Some of you might know Ken from his podcast Glambone but he started rock’n’roll activism at a very young age and later became a musician. Ken has just released “Rock’n’Roll Will Only Break Your Heart”, a great book in which he gives us a lot of details about his various adventures, his personal life and his passion for rock’n’roll.
When did you get the idea of writing your book and how much time did it take?
Ever since being a teenager, the idea of writing an autobiography is something I imagined I would do one day. I just thought I’d be in a different position telling my story, but sometimes the perfect picture of how you think your life would be isn’t always how it adds up. When the pandemic hit in early 2020, that’s when I started reflecting and writing the book. It was a two-year process.
You started being involved at a very young age being the editor of a Sunset Strip publication. Can you tell us more about it?
Yes. In my teens I started a music magazine from my bedroom. A fanzine, basically. After the first couple of issues, record companies began calling to buy advertisements in the publication, full page ads to promote their new releases. Once that started to happen, we were able to upgrade the design and printing quality. So with doing that, it became a prominent paper on the Los Angeles streets and eventually distributed in other music cities around the globe.
How were the musicians’ reactions when seeing that you were so young? Any anecdotes to share with us?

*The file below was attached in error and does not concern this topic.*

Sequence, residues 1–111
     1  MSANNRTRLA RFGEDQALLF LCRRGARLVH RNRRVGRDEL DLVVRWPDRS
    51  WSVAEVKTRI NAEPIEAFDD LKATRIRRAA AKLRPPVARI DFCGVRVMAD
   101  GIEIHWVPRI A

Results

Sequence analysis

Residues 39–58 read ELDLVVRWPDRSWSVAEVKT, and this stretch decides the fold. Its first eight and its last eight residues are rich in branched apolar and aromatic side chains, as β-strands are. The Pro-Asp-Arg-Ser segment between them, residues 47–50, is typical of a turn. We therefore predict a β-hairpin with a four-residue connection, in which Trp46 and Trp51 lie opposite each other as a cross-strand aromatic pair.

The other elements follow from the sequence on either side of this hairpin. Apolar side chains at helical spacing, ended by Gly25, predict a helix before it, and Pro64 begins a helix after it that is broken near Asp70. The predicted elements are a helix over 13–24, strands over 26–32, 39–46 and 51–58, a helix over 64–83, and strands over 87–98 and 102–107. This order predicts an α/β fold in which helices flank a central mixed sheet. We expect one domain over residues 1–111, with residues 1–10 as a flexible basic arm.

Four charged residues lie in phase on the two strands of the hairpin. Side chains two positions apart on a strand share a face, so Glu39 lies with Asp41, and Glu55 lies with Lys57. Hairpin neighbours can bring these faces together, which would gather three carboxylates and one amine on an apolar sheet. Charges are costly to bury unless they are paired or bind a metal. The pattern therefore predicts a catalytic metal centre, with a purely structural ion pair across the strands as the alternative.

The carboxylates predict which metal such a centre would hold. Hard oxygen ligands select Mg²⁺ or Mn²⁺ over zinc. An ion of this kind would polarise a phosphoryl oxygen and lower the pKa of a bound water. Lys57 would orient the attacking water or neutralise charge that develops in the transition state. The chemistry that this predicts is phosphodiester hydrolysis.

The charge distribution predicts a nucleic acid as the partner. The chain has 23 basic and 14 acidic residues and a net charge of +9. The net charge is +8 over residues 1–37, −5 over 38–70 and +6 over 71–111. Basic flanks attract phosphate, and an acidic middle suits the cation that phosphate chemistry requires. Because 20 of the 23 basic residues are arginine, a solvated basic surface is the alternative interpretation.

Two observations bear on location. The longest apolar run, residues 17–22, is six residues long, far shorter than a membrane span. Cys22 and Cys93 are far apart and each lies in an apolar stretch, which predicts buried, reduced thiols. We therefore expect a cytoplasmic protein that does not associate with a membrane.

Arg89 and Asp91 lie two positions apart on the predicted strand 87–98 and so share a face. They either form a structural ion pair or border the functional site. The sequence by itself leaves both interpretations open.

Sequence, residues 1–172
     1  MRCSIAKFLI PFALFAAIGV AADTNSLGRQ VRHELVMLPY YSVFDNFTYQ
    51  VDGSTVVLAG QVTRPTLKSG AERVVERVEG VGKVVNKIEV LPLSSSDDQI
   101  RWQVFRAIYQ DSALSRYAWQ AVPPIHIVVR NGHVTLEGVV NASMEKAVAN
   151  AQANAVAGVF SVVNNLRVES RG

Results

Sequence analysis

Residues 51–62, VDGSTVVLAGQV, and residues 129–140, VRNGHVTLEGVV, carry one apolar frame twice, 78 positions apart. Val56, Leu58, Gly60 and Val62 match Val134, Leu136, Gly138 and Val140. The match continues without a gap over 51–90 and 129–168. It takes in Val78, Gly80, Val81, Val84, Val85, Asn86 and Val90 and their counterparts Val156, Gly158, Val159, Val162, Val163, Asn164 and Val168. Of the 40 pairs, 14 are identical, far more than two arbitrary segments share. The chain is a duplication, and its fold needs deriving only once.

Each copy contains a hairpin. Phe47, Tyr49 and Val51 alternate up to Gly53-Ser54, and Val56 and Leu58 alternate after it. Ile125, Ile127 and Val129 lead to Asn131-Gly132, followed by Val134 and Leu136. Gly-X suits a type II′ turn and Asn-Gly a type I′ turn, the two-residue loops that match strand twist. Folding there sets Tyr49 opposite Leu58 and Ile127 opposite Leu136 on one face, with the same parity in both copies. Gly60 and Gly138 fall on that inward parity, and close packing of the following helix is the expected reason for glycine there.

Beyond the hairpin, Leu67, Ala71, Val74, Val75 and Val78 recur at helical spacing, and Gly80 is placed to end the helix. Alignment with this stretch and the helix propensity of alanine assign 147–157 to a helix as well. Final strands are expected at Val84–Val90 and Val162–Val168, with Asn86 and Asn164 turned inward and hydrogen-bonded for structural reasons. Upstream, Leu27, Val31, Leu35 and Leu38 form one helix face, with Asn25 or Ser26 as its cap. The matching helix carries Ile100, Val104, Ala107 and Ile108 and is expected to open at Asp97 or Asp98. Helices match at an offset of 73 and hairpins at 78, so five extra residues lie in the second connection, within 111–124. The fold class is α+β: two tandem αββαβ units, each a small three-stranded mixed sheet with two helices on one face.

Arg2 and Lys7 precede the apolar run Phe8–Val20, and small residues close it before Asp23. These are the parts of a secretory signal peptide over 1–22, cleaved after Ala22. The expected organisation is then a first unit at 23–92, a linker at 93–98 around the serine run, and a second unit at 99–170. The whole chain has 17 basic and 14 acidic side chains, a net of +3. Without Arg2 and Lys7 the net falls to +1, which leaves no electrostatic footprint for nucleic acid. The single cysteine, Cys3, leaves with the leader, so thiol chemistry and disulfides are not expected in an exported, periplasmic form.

Mostly surprised, but they thought it was cool. I remember before the family uprooted to Los Angeles, I had an interview with the band Dirty Looks that Atlantic Records set up for me to meet them at a night club in Las Vegas they were playing at. Keep in mind, Vegas has a strict age limit of being 21 years or older. Well, the club owner saw me with my tape recorder interviewing the drummer outside the venue, and he says to me, as long as your dad is here with you, you can come inside and watch the show from the sound board, just don’t go anywhere near the bar ! So, there I was at 14 years old getting into my first night club to watch a rock n roll band. It was great !
Then you started playing in bands. Can you tell us about them?
Yeah, two years later I had my first band with my high school buddy Ashley Hamilton. We’re great friends to this day. We basically ditched school one day to go to Guitar Center on Sunset Blvd. That’s the first time we played guitar for each other, and said right there let’s form a band. Funny enough, one of the record companies that gave us recording time to make demos was Atlantic Records. It was a thrill to have been in their office interviewing bands, and then soon thereafter playing our demo in the CEO’s office. Stylistically we were all over the place, a bit of pop, hard rock, ballads, and hip-hop. You hear some bands say that the record companies didn’t know what to do with them, well, that was us, we were trying to find ourselves and which direction to go in. After that, I pursued it on my own, and later on a project with my ex-wife which was called This Episode.
At times, it seems like the book is a story written for a TV series, there are so many ingredients for it, like your different travels (London, Paris, New York…), your bad luck as a musician and heartbreak stories….
Thanks, yeah, it’s quite a visual read and certainly could be adapted for the screen.
The book comes out with a 16 song CD companion in which we can hear a big Britpop influence. Was it your favourite 90s style after the 80s glam metal wave?
Definitely. In America, the 90s obviously was about the Seattle sound. It wasn’t my thing. For me, all the great new music was happening in the UK.
Suede, Pulp, My Life Story, Elastica, David Devant & His Spirit Wife, Oasis. It was fantastic.